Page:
The author comments on Infinity Beach
Science fiction writers, wherever they go, can expect to hear two questions:
The second query is the interesting one, the one that people really seem to care about. I was swept up in the general enthusiasm for flying disks on June 24, 1947, when a pilot claimed to have seen nine saucer-like objects over the state of Washington. Every kid on the block took to watching the skies. I'd heard stories during the war about foo fighters, mysterious unearthly squadrons, tracking flights of planes. And now they were actually showing themselves. I thought it would be just a matter of time before they landed to say hello. And we all hoped the event would take place on the then-vacant lot at the corner of Myrtlewood and Dickinson streets in south Philadelphia.
I was twelve years old.
A substantial portion of the general population suspect, although they do not say so aloud, that science fiction writers are at least mildly deranged. Consequently we tend to be cautious responding to questions about paranormal matters. No, I always say when UFO's come up in the conversation, there is insufficient evidence. Extraordinary claims require extraordinary proof, and so forth. Park the UFO on my lawn, let me kick the tires, tool around town with it, and then maybe I'll agree there's something to the idea.
What has surprised me over the years is the readiness of almost everyone to argue that there has to be life out among the stars, and the ferocity with which they are willing to defend the position. It says a great deal about us, but I haven't quite puzzled out yet precisely what that might be.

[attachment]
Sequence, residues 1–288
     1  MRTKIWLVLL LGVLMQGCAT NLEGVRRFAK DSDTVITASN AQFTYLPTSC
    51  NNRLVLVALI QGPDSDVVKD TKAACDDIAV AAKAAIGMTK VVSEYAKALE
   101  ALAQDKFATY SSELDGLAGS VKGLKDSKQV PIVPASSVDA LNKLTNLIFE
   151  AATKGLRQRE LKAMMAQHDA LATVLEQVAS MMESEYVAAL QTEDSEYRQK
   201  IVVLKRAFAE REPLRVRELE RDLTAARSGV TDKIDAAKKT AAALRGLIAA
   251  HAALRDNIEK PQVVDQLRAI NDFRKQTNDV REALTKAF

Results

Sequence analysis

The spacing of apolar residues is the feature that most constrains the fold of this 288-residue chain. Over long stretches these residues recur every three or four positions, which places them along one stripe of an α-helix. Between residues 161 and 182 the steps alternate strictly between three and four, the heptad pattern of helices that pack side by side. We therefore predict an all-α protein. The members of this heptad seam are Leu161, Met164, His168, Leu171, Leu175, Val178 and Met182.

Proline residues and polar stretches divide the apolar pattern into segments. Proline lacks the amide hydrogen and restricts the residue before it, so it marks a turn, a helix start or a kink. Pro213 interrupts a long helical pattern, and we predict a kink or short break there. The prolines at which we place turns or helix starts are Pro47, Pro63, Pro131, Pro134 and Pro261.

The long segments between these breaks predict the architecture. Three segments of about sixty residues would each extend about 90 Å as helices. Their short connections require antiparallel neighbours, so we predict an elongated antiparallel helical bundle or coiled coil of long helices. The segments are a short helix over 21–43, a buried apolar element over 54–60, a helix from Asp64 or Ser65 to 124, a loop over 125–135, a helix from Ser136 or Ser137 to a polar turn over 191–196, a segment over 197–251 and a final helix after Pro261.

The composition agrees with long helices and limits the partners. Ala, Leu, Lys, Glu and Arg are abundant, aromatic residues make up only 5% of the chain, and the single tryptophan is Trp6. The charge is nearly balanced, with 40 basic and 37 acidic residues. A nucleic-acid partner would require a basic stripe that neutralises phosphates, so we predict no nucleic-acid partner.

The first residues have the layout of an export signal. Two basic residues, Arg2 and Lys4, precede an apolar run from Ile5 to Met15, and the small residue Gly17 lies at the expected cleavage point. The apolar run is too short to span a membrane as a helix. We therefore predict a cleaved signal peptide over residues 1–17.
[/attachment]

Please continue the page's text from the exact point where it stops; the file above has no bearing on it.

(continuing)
Isn't it arrogant, we maintain, even to consider that we might be alone? After all, aren't there trillions of terrestrial worlds, with liquid water and plenty of sunlight, cruising through this galaxy and through countless others? Galaxies like grains of sand.
That's probably so.
Did life not start on Earth almost as soon as it was possible for it to do so, suggesting the event was no big deal?
Yes it did.
Could I honestly subscribe to the notion that in all this cosmos, we might actually be alone?
No, I could not. But maybe some part of me is still twelve years old. Or more likely I'm not wired to accept that kind of isolation. In the end the arguments prove nothing. Maybe we are the only occupant on the block. It is after all possible that nothing else anywhere looks up at the stars. The fact is that, until we know for certain how life started, and until we can conclude that intelligence is part of the evolutionary process, everything's guesswork. Even the celebrated Drake equation is based on a statistical sample of one.
I've always been fascinated, less by the notion of aliens than by this absolute insistence by both science fiction readers and those who are not at home in the field, that there absolutely must be Someone Out There.
If there is, why have we not seen their footprints? Why no radio signal? Why no evidence of interstellar engineering? Why, with billions of years in which to do it, have they not filled the Milky Way with exotic blue-glass domes glittering under rivers of stars? As Fermi asked, Where is everybody?